As soon as he is able to keep it himself, a nature-diary is a source of delight to a child. Every day’s walk gives him something to enter: three squirrels in a larch tree, a jay flying across such a field, a caterpillar climbing up a nettle, a snail eating a cabbage leaf, a spider dropping suddenly to the ground, where he found ground ivy, how it was growing and what plants were growing with it, how bindweed or ivy manages to climb – Charlotte Mason (Vol. 1, p. 54)
Nature study is such a central part of the Charlotte Mason philosophy, allowing our children to be free to experience the great outdoors on a regular basis, to breathe in God’s creation and makes connections of their own is foundational to the methods we use.
Keeping a nature journal or diary is a wonderful way to help our children (and ourselves) deepen the connection with what they have seen and experienced out-of-doors. Nature journaling doesn’t require us to have a degree in fine art, a perfect knowledge of all things in nature or the most expensive tools and paints; nature journaling requires a little bit of time, attention and a lot of heart.
The Four R’s Of Nature Journaling
We journal to:
Reflecting is a form of asking questions of what we’ve seen and the connections we’ve made; we can make lists of what we’ve observed, copy out sections of poetry or prose that relate to our observations or a short entry on how our time out-of-doors made us feel. Nature study is not a mere page in a science book describing the facts of another living being, nature study is a beautiful opportunity for us to make a connection for life with part of God’s creation.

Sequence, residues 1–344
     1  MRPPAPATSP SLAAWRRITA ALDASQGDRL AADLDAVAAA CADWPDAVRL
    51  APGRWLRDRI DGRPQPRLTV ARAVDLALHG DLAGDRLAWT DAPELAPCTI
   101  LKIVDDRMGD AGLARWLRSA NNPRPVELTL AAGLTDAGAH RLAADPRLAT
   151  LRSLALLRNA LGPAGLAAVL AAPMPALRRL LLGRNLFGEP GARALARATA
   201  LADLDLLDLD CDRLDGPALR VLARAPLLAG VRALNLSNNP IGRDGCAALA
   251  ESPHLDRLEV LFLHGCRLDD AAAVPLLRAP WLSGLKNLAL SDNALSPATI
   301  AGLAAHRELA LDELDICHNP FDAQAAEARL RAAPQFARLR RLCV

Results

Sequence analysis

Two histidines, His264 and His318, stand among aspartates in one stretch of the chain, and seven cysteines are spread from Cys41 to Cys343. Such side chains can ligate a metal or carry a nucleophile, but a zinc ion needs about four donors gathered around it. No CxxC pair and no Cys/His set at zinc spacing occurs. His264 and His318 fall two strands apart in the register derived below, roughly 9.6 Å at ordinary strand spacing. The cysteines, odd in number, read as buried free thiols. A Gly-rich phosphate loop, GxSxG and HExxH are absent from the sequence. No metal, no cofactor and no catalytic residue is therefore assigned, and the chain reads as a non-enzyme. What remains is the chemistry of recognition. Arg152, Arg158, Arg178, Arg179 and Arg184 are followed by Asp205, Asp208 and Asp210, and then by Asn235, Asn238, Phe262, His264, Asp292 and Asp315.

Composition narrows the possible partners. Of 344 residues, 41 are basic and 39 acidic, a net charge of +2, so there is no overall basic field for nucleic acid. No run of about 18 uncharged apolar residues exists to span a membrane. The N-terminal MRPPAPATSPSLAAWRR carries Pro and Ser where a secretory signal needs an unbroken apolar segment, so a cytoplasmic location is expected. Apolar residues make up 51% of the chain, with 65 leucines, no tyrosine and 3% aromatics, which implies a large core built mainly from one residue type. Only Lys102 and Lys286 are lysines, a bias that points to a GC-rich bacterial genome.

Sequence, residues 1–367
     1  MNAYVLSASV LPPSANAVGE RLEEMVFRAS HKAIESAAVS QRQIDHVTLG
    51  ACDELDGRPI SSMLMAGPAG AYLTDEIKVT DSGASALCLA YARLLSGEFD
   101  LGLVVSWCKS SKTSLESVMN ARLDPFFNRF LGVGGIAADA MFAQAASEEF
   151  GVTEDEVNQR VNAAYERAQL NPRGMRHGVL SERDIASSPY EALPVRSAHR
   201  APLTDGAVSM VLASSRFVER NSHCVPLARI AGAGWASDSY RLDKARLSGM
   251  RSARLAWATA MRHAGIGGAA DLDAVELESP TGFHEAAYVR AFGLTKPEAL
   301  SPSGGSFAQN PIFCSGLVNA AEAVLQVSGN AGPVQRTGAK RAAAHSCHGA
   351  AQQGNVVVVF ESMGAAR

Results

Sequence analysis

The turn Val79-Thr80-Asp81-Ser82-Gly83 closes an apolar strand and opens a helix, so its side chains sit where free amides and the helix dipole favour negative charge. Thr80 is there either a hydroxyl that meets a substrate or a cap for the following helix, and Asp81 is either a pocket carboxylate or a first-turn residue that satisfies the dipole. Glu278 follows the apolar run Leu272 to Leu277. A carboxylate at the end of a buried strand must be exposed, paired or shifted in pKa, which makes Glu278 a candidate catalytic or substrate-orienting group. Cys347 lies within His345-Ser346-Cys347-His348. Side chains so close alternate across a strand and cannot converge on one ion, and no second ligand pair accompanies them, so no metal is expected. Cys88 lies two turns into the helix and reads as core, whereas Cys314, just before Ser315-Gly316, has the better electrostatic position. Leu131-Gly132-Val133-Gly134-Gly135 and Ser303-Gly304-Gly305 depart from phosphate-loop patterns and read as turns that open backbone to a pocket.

Nature study, especially for our younger children is a wonderful foundation for all scientific study and research. Our journaling process can be the beginnings of learning about the parts of a flower, the life cycle of a frog or the fascinating phases of the moon. Allow your children to develop their own style, fill their pages with wonder and not get too perfectionist about it!
Our connections with God’s creation can cause a physical, emotional or spiritual reaction (or all three); my heart leaps with joy when I see a baby lamb skip, a spring crocus pushing up through the hard winter ground or the sight of Mr. and Mrs. Blackbird busy in my yard building their nest. Our journal can mark our emotions through the seasons, bring joy and spark gratitude.
Sketching, tracing, copying, writing or even sticking magazine pictures in our journals mark a seasonal journey of what we’ve observed through the year. What a wonderful, memorable collection of words and images to look back on through the years of our precious lives and our children’s education at home.
Keeping a nature journal has been part of the rhythm of our home educating for the past 8 years but more recently it has become a part of my own personal life; my creative expression as a mother and educator but most importantly as a lover and appreciator of God’s creation.
You can follow my photo journal here on Instagram